Of course, by stating that some action is universally evil, you must be prepared to describe why something is evil, and therefore, you must also be able to give an account of something good, the opposite of evil, and acknowledge the existence of the two. Beyond both of these, you must answer the largest question of all: Why? 

Why is something evil and something is good? And why should humans be held accountable for what they do? Granted, atheist and agnostic thinkers have struggled to define these boundaries and establish answers to the ethic question of Why since the Bronze Age, but no answers have readied themselves within their humanistic boundaries. As a Christian, I find myself (sometimes reluctantly) submitting to the boundaries set by Scripture, and even more so than the boundaries, the reasons presented within. Put simply, the reason humans should not be cruel to other humans (or to the environment for that matter) is because God made it. Humans especially have a unique spark of the Divine inside us, and to harm another human is to harm God Himself (Genesis 1, Matthew 25). This is not a place atheists can get to without acknowledging the fact that there are moral rights and wrongs that they themselves hold to, but can’t explain why.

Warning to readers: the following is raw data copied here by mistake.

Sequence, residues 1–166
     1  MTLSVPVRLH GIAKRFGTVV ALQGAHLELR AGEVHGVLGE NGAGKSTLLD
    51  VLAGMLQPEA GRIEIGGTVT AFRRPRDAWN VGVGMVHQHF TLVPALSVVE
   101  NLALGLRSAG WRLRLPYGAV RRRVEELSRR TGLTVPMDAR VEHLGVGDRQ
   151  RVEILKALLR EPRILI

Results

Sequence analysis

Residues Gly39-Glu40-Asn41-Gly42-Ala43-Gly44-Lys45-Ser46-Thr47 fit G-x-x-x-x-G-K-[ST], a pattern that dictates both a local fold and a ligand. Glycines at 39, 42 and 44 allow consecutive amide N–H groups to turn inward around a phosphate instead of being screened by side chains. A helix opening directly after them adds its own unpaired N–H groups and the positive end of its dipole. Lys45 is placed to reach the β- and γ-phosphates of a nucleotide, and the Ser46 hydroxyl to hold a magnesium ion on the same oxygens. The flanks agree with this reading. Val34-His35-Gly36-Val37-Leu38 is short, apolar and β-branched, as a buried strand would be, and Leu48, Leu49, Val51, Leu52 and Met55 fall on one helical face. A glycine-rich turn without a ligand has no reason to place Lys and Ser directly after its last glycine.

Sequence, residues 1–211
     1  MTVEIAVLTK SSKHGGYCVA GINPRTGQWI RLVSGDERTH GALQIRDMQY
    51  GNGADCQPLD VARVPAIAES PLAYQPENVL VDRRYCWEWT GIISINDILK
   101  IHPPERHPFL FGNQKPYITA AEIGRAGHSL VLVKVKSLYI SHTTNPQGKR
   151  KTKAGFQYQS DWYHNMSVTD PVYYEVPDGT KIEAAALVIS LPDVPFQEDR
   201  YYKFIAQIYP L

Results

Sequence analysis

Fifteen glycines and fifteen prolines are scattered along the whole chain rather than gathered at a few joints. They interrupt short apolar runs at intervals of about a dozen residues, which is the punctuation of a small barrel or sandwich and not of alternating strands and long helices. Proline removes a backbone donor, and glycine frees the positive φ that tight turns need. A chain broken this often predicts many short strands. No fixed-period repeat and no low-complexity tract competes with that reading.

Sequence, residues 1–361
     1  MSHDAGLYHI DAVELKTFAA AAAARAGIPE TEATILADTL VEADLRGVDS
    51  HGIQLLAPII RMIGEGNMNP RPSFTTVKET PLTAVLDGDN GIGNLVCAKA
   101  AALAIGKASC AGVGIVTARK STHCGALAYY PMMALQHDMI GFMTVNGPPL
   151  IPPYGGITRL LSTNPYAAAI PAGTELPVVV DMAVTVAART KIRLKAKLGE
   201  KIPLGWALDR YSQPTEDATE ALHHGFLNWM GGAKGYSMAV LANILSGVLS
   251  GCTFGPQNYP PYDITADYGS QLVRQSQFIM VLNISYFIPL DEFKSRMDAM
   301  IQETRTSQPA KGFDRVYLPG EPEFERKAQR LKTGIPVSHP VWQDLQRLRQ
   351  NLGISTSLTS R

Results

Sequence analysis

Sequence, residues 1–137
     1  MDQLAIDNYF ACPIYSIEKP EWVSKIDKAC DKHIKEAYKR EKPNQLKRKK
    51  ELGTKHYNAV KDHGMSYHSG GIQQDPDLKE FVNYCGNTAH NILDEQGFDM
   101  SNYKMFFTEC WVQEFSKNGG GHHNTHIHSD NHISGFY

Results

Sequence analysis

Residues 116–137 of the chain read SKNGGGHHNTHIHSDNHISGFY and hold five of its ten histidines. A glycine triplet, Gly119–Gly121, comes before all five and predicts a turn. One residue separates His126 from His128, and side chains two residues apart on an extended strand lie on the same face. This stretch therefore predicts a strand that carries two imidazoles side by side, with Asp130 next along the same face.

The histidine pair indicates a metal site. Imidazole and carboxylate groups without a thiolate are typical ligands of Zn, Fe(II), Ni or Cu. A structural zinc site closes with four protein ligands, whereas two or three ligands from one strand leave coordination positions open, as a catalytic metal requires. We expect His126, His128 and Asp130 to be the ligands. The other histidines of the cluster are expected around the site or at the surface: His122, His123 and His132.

Heck, zoom out far enough, and you’d see that the world would be much better off without human beings polluting it and chopping down miles of forest. Therefore, human continuation is not a strong enough argument for an ethical stance unless there is something special and worth preserving about us.

Now, when discussing these actions which were so reprehensible that they needed to be punished by a court of the entire world, we need to ask a couple more questions.